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Fenfluramine
Systematic (IUPAC) name
(RS)-N-ethyl-1-[3-(trifluoromethyl)phenyl]propan-2-amine
Identifiers
CAS number 458-24-2
ATC code A08AA02
PubChem 3337
DrugBank 3337
ChemSpider 3220
Chemical data
Formula C12H16F3N 
Mol. mass 231.26 g/mol
Pharmacokinetic data
Half life 20 hours
Therapeutic considerations
Pregnancy cat.  ?
Legal status Uncontrolled
Routes Oral
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Fenfluramine is a drug that was part of the Fen-Phen anti-obesity medication (the other drug being phentermine). Also known as Pondimin, Ponderax and Adifax; fenfluramine was introduced on the U.S. market in 1973. It is the racemic mixture of two enantiomers, dextrofenfluramine and levofenfluramine. It increases the level of the neurotransmitter serotonin, a chemical that regulates mood, appetite and other functions. Fenfluramine causes the release of serotonin by disrupting vesicular storage of the neurotransmitter, and reversing serotonin transporter function.[1] The end result is a feeling of fullness and loss of appetite.

Contents

Withdrawal due to heart disease

The drug was withdrawn from the U.S. market in 1997 after reports of heart valve disease,[2][3] and pulmonary hypertension, including a condition known as cardiac fibrosis. After the US withdrawal of fenfluramine, it was also withdrawn from other markets around the world.

The distinctive valvular abnormality seen with fenfluramine is a thickening of the leaflet and chordae tendineae. One mechanisms used to explain this phenomenon involves heart valve serotonin receptors, which are thought to help regulate growth. Since fenfluramine and its active metabolite norfenfluramine stimulate serotonin receptors 5-hydroxytryptamine (5-HT) this may have led to the valvular abnormalities found in patients using fenfluramine. In particular norfenfluramine is a potent agonist of 5-HT2B receptors, which are plentiful in human cardiac valves. The suggested mechanism by which fenfluramine causes damage is through over or inappropriate stimulation of these receptors leading to inappropriate valve cell division. Supporting this idea, is the fact that this valve abnormality has also occurred in patients using other drugs that act on 5-HT2B receptors.[4].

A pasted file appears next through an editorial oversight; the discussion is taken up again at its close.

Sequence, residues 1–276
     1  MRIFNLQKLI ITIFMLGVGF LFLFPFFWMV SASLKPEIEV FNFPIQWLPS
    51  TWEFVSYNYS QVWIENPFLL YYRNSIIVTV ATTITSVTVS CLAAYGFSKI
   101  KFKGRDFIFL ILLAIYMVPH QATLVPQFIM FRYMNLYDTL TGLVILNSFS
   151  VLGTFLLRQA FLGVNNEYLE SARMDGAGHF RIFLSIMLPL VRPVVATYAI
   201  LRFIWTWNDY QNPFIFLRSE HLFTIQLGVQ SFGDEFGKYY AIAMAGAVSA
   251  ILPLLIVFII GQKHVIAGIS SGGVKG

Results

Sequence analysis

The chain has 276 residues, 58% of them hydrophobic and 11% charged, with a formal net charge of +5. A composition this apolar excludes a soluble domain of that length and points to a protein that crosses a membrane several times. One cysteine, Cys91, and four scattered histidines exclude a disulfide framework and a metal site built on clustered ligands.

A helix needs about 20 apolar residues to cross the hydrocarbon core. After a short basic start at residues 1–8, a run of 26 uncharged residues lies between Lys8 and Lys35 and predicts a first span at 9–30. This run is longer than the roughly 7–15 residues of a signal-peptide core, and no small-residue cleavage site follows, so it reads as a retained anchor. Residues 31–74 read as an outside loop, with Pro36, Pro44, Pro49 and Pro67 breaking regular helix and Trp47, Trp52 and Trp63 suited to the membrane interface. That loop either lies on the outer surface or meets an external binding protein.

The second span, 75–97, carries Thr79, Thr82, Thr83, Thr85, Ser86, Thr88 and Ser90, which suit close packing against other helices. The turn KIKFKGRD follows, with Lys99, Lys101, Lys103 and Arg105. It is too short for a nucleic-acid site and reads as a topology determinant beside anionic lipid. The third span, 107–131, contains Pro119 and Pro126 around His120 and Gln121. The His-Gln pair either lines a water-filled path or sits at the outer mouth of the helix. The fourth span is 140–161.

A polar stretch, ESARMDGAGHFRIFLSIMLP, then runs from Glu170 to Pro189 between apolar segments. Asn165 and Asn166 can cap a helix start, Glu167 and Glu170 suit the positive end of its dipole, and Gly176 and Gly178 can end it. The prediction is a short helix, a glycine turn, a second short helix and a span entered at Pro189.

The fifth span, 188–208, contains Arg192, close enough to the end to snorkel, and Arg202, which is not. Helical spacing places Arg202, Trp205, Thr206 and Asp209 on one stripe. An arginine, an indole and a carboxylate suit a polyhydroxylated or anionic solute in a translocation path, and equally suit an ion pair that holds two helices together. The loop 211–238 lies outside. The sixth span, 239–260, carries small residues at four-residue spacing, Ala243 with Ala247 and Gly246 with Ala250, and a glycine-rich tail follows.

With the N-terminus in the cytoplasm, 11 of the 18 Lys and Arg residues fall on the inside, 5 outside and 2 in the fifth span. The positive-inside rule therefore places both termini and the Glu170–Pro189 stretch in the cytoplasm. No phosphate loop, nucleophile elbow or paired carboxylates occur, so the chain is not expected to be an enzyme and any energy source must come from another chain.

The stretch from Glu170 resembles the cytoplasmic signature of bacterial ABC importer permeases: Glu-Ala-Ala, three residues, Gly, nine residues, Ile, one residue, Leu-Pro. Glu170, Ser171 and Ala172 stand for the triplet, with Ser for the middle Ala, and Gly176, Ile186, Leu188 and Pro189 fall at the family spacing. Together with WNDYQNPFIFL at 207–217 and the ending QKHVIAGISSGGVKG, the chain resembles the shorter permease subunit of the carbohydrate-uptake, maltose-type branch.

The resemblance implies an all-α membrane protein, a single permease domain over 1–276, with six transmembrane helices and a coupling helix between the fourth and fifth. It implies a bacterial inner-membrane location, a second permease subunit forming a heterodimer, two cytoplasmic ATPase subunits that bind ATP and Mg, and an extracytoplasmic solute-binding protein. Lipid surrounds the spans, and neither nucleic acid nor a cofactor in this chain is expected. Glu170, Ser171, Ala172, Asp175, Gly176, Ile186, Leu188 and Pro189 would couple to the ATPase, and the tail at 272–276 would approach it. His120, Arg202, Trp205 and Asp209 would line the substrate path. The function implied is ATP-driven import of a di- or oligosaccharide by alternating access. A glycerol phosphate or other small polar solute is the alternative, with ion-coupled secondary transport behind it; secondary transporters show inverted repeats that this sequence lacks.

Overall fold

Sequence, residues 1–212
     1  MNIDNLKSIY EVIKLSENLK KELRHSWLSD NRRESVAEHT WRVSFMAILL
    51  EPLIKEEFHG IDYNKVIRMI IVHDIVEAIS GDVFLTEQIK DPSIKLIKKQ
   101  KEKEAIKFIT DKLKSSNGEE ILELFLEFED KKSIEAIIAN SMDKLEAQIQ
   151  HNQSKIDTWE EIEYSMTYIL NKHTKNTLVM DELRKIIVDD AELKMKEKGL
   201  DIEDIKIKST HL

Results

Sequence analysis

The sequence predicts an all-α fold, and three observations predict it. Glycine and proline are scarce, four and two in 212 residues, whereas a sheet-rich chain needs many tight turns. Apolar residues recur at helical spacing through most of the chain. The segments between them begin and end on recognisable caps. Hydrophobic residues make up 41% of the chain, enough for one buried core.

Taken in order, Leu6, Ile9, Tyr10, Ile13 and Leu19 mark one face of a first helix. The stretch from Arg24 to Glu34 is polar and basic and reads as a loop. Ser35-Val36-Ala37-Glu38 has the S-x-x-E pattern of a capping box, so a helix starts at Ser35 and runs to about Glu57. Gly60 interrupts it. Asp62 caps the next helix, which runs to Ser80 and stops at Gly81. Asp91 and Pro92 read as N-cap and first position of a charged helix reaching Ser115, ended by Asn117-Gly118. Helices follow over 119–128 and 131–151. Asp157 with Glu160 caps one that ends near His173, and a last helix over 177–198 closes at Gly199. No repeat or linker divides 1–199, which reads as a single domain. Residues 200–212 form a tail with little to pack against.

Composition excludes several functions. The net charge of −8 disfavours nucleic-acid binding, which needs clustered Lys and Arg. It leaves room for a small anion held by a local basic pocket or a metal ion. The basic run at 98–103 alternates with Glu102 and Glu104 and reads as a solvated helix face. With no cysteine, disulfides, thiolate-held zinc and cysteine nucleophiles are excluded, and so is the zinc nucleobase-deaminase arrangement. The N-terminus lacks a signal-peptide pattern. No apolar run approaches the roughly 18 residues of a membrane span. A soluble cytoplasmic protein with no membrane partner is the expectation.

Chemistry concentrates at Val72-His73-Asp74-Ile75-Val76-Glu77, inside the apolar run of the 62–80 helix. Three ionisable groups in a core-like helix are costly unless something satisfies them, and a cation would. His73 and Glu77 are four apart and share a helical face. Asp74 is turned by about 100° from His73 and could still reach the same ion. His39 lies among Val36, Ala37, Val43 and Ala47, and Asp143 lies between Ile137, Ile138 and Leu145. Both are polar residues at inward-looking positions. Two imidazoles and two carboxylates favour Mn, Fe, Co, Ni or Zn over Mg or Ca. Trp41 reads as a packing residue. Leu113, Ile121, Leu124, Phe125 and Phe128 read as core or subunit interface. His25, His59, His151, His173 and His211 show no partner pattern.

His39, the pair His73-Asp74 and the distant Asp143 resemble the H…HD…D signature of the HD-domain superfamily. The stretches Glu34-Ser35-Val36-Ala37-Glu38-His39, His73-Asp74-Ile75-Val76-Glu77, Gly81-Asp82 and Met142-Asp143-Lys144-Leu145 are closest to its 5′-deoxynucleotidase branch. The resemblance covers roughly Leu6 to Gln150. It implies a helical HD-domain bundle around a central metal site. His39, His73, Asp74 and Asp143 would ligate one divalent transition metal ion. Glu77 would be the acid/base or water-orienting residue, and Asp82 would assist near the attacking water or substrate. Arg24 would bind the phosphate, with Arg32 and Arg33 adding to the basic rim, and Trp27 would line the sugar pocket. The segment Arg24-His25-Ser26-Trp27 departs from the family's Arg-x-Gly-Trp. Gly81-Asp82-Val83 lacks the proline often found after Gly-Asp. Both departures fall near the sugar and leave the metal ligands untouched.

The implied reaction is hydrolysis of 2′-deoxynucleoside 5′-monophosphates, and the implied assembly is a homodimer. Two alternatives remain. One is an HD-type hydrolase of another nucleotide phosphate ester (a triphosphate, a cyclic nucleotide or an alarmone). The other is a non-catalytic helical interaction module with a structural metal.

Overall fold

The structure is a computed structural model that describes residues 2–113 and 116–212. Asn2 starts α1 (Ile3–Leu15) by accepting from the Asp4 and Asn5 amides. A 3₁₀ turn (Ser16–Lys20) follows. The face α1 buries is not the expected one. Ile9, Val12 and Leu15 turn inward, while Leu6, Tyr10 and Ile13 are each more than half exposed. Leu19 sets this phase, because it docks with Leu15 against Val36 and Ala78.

According to a study of 5743 former users, damage to the heart valve continued long after stopping the medication [5]. Of the users tested, 20 percent of women, and 12 percent of men were affected. For all ex-users, there was a sevenfold increase of chances of needing surgery for faulty heart valves caused by the drug.

References

  1. ^ Nestler, Eric J. "Molecular Neuropharmacology: A Foundation for Clinical Neuroscience" McGraw-Hill, 2001.
  2. ^ Connolly HM, Crary JL, McGoon MD, et al (1997). "Valvular heart disease associated with fenfluramine-phentermine". N. Engl. J. Med. 337 (9): 581–8. doi:10.1056/NEJM199708283370901. PMID 9271479. http://content.nejm.org/cgi/content/full/337/9/581. 
  3. ^ Weissman NJ (2001). "Appetite suppressants and valvular heart disease". Am. J. Med. Sci. 321 (4): 285–91. doi:10.1097/00000441-200104000-00008. PMID 11307869. 
  4. ^ Roth BL (2007). "Drugs and valvular heart disease". N. Engl. J. Med. 356 (1): 6–9. doi:10.1056/NEJMp068265. PMID 17202450. 
  5. ^ Dahl CF, Allen MR, Urie PM, Hopkins PN (2008). "Valvular regurgitation and surgery associated with fenfluramine use: an analysis of 5743 individuals". BMC Med 6: 34. doi:10.1186/1741-7015-6-34. PMID 18990200. 

Further reading

  • Welch JT, Lim DS (November 2007). "The synthesis and biological activity of pentafluorosulfanyl analogs of fluoxetine, fenfluramine, and norfenfluramine". Bioorg. Med. Chem. 15 (21): 6659–66. doi:10.1016/j.bmc.2007.08.012. PMID 17765553. 

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